On Tuesday morning I attended the launch of Greater Victoria’s Vital Signs report – an annual check up on the health and well-being of the region. Overall quality of life in the region received a mark of B+.
That’s pretty good. But what’s worrying is that 25 per cent of people surveyed felt discriminated against at some point, felt like they didn’t belong. This needs our collective attention as the city grows and changes.
Victoria’s demographics are changing, as well as the city’s built form. The results of the latest census are starting to come out. As well as our population growing by nearly 6,000 people from 2011 to 2016, our age mix is changing, too. According to the latest round of data released, we’re seeing that the numbers of children, youth and seniors in the city are increasing. And youth and seniors are two groups who have, according to Vital Signs, “historically struggled harder to feel included.”
It’s very important based on Vital Signs and the census data for the City to take the initiative to make sure there are services that serve the needs of all “ages and stages,” from childhood, to students and young adults, new families and working people, through to pre-retirement and retirement. We need to build a city that is inclusive and welcoming for people of all ages, where everyone feels like there’s something for them and that this is their community, too.
Our public library is hugely popular and expanding. Soon we’ll be opening a new branch in James Bay, which has the highest concentration of seniors in the city. The library’s a great example of a community service that creates connection and belonging from Books for Babies through the Teen Zone, to home delivery of books for shut-ins, plus equipment adapted for people with special needs.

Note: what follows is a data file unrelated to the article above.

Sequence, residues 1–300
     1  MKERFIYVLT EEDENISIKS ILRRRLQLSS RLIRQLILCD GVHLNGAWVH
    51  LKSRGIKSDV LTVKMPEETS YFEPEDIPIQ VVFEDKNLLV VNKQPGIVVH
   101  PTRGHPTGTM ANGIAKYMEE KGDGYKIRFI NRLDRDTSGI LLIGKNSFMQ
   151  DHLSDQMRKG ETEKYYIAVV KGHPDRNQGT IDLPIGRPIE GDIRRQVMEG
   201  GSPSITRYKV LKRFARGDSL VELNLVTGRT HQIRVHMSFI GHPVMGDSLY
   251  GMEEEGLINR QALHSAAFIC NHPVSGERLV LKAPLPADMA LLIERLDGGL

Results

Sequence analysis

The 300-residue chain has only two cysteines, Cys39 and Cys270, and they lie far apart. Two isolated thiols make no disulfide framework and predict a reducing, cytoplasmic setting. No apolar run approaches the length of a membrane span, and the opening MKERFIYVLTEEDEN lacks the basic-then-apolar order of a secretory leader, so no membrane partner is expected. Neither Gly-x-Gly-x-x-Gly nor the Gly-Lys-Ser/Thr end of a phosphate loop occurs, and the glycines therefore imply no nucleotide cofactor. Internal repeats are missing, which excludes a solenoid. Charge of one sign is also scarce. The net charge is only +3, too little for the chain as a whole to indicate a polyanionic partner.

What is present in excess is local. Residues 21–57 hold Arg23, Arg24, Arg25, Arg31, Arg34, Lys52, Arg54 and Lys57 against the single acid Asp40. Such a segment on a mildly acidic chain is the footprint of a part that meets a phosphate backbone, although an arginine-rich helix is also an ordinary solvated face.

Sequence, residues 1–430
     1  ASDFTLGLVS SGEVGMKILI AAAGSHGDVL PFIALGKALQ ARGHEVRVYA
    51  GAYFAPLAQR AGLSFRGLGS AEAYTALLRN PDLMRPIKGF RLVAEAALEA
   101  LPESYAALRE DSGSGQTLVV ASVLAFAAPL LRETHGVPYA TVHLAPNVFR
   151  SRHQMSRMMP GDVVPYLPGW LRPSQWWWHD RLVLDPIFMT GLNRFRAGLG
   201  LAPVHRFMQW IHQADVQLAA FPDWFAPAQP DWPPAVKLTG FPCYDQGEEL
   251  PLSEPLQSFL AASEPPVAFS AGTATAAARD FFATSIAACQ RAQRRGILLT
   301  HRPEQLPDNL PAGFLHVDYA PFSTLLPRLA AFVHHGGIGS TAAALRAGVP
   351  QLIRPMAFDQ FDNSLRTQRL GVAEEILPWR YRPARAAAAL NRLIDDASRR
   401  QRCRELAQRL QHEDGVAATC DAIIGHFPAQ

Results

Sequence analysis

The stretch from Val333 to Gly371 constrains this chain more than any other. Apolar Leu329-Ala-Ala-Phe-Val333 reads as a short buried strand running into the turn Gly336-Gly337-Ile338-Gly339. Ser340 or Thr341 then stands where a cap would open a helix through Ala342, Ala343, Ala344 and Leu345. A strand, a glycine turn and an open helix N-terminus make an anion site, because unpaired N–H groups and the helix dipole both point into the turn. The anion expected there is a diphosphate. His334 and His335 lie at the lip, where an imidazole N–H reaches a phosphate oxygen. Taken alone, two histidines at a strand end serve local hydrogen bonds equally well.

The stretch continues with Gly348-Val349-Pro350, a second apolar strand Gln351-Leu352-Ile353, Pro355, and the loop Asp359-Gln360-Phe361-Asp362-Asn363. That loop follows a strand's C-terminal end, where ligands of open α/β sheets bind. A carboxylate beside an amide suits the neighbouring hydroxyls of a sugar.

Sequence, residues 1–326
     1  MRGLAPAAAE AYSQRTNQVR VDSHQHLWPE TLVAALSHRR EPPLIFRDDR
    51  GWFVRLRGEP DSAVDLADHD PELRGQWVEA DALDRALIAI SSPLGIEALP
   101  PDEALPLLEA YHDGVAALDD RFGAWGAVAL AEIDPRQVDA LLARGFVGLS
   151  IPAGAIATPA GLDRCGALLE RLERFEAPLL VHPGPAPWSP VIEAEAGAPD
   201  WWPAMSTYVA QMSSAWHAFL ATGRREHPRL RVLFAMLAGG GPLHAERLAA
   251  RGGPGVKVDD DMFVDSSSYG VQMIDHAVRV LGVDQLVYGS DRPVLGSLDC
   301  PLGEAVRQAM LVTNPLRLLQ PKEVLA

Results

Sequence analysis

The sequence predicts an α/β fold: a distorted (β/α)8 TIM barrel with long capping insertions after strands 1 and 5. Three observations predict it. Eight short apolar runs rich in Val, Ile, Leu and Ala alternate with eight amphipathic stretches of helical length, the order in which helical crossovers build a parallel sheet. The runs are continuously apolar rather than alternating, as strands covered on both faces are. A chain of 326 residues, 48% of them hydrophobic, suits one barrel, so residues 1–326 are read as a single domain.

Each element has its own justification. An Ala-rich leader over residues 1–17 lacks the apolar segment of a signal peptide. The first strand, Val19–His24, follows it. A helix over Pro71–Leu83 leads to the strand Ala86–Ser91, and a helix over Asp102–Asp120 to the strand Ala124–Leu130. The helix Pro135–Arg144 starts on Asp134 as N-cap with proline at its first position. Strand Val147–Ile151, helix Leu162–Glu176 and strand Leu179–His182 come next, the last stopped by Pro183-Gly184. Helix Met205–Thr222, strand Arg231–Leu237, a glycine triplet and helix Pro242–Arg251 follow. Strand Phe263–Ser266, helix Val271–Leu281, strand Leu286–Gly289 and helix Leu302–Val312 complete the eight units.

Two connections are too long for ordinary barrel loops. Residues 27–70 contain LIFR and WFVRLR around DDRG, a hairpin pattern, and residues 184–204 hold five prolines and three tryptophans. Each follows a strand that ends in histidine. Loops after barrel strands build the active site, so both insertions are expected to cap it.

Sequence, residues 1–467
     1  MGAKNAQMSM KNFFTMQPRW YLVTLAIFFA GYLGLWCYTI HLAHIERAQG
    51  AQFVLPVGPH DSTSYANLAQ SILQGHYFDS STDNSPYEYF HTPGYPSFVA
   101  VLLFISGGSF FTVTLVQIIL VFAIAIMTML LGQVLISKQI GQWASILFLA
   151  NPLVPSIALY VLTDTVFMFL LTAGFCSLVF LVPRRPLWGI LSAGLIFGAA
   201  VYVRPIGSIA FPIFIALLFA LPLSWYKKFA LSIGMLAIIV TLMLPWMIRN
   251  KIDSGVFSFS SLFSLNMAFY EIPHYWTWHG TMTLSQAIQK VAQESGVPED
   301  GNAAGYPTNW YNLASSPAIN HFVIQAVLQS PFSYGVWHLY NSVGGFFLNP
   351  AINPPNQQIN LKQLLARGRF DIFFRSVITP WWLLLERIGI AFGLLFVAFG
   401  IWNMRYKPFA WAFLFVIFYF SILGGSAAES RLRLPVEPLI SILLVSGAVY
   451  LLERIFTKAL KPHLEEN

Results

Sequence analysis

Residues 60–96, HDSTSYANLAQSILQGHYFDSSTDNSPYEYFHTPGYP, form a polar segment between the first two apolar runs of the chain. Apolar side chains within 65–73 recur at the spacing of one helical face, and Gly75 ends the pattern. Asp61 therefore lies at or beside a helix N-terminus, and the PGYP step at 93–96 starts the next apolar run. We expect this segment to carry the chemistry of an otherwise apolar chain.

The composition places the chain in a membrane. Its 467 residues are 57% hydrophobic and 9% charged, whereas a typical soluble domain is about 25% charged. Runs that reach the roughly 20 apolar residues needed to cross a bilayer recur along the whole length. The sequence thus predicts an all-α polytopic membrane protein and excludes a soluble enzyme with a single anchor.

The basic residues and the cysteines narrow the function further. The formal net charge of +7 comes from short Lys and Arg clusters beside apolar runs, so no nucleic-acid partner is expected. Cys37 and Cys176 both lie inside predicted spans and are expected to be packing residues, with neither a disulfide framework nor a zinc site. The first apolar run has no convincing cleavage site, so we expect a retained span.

While the present Crystal Pool has many programs to serve all ages, it doesn’t serve everyone’s needs. The proposed new pool is deliberately being designed to cater to all ages and abilities. This means that seniors and others with mobility challenges will be able to access the pool and take part in social, recreational and health and wellness activities.
Have you noticed the new kids’ playgrounds and their colourful new equipment? With more families with children, we’ve been proactive in adding upgrades and new facilities at existing parks and playgrounds. And the numbers using them have exceeded all our expectations. The new “Playbox” in Central Park lets parents and kids access toys and equipment to add to their recreation experience.
And of course, there are many city programs that benefit people of all ages. For example, the tree replacement program keeps us all close to nature and provides the green canopy to help reduce our carbon footprint.
The “My Great Neighbourhood” grants support projects and activities that people want to do to animate their community spaces and bring people together.
Yet to create a truly inclusive city where people of all ages feel like they belong is not only the responsibility of City Hall. It takes each of us, reaching out, looking for opportunities to connect, and coming together to organize activities that help foster a sense of connection and belonging, for everyone.
Lisa Helps is mayor of Victoria.